If instead you optimize based on the lifetime value of the customer, customer satisfaction, or Net Promotor Score (NPS) – which all reflect the value of the relationship – you get a different perspective that considers how experiences add up over time to impact the customer relationship. It puts a premium on consistency and forces you to look at the entire customer experience, across journeys, and over time.

Focusing on relationships also has the added benefit of aligning goals, metrics and measurement against business objectives. A key part of the strategy is a set of guiding principles that can serve as a guide for making strategic trade-offs. Do we invest in the call center training or develop a mobile app? Without those guiding principles, decisions are made based on which department advocates the most for their particular touchpoint. Good customer experience objectives clearly align with brand and business objectives, and clarify how day-to-day activities and decisions roll up into the overall strategy.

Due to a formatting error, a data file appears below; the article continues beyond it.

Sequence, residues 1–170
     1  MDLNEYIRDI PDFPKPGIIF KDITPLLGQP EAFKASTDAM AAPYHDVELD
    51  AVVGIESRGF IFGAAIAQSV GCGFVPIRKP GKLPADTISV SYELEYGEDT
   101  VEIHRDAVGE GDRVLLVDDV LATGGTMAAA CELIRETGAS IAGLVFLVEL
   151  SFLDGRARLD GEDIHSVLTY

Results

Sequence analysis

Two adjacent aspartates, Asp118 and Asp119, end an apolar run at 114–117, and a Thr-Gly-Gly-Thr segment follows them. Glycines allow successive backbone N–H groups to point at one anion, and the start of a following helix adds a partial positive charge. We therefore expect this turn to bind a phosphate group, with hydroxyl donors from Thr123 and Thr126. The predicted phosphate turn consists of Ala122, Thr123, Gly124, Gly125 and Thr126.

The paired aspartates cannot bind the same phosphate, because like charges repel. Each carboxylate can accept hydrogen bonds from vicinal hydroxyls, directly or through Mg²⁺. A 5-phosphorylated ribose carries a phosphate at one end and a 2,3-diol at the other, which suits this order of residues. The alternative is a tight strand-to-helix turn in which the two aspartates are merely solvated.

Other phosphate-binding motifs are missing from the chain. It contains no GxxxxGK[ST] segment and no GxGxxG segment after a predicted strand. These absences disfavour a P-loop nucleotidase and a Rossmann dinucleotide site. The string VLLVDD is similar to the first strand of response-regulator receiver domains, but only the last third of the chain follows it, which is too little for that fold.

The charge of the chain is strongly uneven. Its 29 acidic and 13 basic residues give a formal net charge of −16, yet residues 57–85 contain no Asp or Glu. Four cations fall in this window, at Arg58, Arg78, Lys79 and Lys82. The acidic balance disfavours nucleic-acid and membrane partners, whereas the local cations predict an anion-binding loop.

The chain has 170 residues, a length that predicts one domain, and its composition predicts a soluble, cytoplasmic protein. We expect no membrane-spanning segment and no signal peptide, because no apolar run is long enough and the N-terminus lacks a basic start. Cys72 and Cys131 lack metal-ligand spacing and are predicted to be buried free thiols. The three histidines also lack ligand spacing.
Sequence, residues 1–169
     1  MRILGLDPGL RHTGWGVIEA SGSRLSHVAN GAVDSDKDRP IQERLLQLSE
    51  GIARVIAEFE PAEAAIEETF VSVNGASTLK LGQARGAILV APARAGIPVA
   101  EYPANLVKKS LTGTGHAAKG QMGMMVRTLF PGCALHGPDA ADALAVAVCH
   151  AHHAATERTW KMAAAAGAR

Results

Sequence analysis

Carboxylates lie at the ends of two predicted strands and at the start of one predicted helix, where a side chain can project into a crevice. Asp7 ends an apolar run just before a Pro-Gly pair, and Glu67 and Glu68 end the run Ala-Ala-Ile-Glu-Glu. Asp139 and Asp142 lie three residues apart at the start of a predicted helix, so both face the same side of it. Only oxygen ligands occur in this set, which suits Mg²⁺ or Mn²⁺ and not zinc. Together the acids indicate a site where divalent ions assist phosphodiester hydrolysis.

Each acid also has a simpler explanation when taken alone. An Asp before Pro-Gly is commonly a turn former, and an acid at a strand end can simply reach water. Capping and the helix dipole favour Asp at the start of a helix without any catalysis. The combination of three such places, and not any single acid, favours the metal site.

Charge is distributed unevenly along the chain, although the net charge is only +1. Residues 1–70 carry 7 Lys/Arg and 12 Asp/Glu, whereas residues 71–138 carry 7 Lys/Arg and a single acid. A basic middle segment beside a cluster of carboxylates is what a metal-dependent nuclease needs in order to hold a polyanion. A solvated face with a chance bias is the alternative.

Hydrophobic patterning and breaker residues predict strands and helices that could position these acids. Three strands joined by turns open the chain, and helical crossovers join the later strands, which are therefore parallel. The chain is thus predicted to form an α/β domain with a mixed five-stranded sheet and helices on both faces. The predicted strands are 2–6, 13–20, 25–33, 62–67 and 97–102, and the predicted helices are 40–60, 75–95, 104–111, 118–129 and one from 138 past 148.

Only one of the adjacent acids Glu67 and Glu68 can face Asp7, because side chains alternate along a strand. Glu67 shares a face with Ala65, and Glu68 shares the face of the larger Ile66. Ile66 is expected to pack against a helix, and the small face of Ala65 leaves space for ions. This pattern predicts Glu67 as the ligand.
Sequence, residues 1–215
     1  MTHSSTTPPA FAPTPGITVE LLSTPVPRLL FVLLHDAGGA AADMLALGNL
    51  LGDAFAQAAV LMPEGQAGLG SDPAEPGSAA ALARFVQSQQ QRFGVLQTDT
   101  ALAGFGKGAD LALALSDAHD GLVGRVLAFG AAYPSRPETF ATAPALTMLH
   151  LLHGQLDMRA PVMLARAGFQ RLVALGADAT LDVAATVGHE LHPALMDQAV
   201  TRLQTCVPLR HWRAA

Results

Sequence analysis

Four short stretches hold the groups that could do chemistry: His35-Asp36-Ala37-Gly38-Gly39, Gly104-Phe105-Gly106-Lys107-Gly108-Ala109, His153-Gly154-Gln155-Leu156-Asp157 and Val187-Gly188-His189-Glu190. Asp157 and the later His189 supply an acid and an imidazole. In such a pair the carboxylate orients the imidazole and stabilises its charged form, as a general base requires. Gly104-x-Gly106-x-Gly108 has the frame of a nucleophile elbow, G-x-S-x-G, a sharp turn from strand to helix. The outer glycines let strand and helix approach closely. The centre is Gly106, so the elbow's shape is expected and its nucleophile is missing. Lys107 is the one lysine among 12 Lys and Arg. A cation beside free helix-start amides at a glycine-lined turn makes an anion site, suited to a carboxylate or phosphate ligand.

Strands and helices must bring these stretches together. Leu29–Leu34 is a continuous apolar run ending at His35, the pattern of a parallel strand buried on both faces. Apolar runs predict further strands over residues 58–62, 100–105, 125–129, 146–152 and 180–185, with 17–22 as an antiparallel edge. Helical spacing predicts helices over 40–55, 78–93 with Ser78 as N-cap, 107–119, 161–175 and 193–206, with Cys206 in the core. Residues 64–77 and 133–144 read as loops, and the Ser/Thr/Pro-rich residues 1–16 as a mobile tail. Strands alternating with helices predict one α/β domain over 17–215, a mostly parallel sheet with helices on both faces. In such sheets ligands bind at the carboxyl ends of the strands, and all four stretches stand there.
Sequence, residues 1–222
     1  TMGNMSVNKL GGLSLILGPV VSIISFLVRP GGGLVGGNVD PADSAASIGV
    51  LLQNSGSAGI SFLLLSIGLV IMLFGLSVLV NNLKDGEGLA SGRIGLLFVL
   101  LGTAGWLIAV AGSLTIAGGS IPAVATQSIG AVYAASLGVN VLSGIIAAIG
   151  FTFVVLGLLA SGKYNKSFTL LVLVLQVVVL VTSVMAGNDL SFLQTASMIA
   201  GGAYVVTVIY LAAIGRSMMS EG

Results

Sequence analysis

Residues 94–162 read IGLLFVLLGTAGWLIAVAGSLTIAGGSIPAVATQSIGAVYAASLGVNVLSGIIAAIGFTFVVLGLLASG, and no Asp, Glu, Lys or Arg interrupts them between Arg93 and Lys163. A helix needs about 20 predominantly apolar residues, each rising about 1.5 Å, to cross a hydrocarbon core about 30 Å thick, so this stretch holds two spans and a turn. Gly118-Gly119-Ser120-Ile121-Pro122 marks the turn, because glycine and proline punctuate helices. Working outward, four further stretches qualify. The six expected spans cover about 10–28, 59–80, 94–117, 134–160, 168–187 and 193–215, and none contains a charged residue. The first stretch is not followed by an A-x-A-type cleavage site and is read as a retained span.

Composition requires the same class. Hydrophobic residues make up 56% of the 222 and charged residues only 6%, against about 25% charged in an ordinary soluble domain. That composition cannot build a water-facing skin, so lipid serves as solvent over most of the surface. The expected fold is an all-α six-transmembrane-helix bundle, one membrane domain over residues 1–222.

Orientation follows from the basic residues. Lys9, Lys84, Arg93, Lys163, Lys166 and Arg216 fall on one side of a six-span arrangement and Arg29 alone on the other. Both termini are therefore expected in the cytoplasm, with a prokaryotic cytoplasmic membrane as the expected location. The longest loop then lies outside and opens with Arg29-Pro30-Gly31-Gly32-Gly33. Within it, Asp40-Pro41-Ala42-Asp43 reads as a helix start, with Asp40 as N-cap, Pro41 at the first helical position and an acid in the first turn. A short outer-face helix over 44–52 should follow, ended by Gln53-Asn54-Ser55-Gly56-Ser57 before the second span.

Prioritizing Easy

The third part of the strategy is identifying and prioritizing the initiatives that you will do to accomplish your customer experience objectives. And just as importantly, clarifying what you WON’T do. The most difficult part about this is that there are SO many bright shiny technologies we could use to create unique, compelling experiences – virtual reality, chatbots, hologram kiosks, robots… the list’s ever-growing and seemingly endless.